Have you ever had a moment in your career where you just did not want to go to work? Has it become more and more difficult each day to drag yourself out of your house and make that commute? Does getting things done seem like a mountainous task? Have you felt like you were on a hamster wheel with no hope of getting off? You may have been experiencing burnout.
While our country is experiencing high rates of employment, employees are experiencing higher rates of burnout. The World Health Organization is blaming workplace stress for the heightened rates of burnout, with 96% of senior managers believing their workers are experiencing at least some form of burnout, while 91% of employees said they are somewhat burned out.
In May of this year, the World Health Organization included an updated and detailed description of burnout in its International Statistical Classification of Diseases and Related Health Problems. According to the WHO, burnout is “a syndrome conceptualized as resulting from chronic workplace stress that has not been successfully managed.” The WHO specifies this is workplace specific and should not be applied to other areas of our lives.
In other words, burnout happens when the demands put upon you exceed the resources you have available to complete the demands. Your tank is empty. Burnout is more than one bad day or week at the office–there are NO good days and burnout lasts for a long period of time.
The greatest factors that influence burnout are:
You now understand that burnout is something that lasts longer than a day or two, but it can still be hard to identify for ourselves whether we’re just feeling everyday stress or if we’re veering straight to burnout central. Below we’ll break down some of the actual symptoms of burnout to help you identify what you’re feeling.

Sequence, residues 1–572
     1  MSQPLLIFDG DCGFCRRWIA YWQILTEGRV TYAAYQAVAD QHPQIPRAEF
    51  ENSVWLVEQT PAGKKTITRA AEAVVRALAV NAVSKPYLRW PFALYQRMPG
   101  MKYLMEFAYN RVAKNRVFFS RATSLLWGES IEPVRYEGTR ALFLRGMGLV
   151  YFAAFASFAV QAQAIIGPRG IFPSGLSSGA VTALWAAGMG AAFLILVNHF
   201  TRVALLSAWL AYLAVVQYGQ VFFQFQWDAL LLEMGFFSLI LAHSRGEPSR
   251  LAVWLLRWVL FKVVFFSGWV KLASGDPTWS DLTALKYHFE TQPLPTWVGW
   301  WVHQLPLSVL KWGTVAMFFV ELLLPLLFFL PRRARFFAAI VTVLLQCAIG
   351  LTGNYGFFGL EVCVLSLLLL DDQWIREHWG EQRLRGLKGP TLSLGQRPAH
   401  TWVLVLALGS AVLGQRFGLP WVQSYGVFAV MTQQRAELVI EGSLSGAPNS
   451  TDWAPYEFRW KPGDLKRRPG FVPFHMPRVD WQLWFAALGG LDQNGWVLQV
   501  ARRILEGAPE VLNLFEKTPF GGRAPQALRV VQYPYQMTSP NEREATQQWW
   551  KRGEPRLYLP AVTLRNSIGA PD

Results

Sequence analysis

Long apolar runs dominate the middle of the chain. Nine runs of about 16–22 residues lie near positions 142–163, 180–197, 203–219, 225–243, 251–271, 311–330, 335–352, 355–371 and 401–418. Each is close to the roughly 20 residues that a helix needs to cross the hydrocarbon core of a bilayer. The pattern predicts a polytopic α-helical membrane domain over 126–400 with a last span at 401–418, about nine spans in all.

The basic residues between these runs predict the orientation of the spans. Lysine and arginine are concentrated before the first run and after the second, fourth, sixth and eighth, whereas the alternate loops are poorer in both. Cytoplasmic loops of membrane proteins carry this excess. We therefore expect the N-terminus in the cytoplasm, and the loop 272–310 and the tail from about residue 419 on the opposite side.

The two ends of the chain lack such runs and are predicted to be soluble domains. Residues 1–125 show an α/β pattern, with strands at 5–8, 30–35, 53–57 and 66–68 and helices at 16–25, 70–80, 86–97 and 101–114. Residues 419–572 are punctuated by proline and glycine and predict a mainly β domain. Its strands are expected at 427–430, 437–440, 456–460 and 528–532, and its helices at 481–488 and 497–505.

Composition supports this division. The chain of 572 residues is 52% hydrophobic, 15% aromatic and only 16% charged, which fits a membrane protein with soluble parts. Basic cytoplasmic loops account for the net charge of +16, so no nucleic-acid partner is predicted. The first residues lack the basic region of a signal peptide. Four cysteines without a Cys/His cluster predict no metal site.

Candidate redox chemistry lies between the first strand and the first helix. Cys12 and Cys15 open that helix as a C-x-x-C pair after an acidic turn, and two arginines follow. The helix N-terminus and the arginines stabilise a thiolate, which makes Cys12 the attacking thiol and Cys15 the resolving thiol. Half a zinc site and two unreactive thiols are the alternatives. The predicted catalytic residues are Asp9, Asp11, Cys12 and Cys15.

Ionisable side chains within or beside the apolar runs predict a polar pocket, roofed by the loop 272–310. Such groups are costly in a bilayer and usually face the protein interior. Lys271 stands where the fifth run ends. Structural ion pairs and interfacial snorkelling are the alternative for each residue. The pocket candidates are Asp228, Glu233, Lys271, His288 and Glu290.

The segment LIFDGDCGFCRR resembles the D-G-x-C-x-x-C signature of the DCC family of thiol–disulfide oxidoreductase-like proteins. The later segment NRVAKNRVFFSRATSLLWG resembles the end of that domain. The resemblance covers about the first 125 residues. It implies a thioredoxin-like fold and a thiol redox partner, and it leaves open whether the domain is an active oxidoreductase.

After reading about the signs and symptoms, you suspect you might be burnt out at work. So now what? How can you get yourself back on track? Your first thought might be to take a vacation. While a break is a good idea, you need to be aware that you’re returning to the same job you left. Instead of just pausing for a short time, you need to actively take part in changing your life. The two main things you need to focus on is changing your attitude and changing your workload.
Work with your boss to identify workload issues and find ways to manage them. Learning to say no where appropriate is also helpful in lessening the demands on your time at work. Avoid the tendency to overload yourself.
Changing your attitude is key. First you need to identify negative habits and thought patterns and learn how to change them. If you’re a perfectionist, you’ll need to learn to remove these self-imposed pressures so you can breathe easier at work–and other areas of your life. Learning to manage stress when it inevitably occurs will also be key in helping you feel less burned out and more motivated at your job.
Studies have shown that practicing stress reduction and mindfulness will help you reduce stress at the office significantly to prevent burnout. Results of these studies suggest that mindfulness programs help employees better deal with stress and develop the ability to recognize negative emotions and behaviors to remain calm, self-aware and alert. And less stress equals greater job satisfaction.
One of the best ways to reduce your stress and learn to change negative emotions into positive thinking is to utilize your BrainTap and the BrainTap Pro App on a daily basis. Every guided visualization you listen to is specifically designed to help you feel balanced and refreshed and reduce stress in all areas of your life, including at work. Our Stress-Free Me bundle can be a great way to reduce your stress, learn strategies for mindfulness at work and at home and lessen the effects of burnout at the job.
For information on how you can get a FREE trial of BrainTap click HERE
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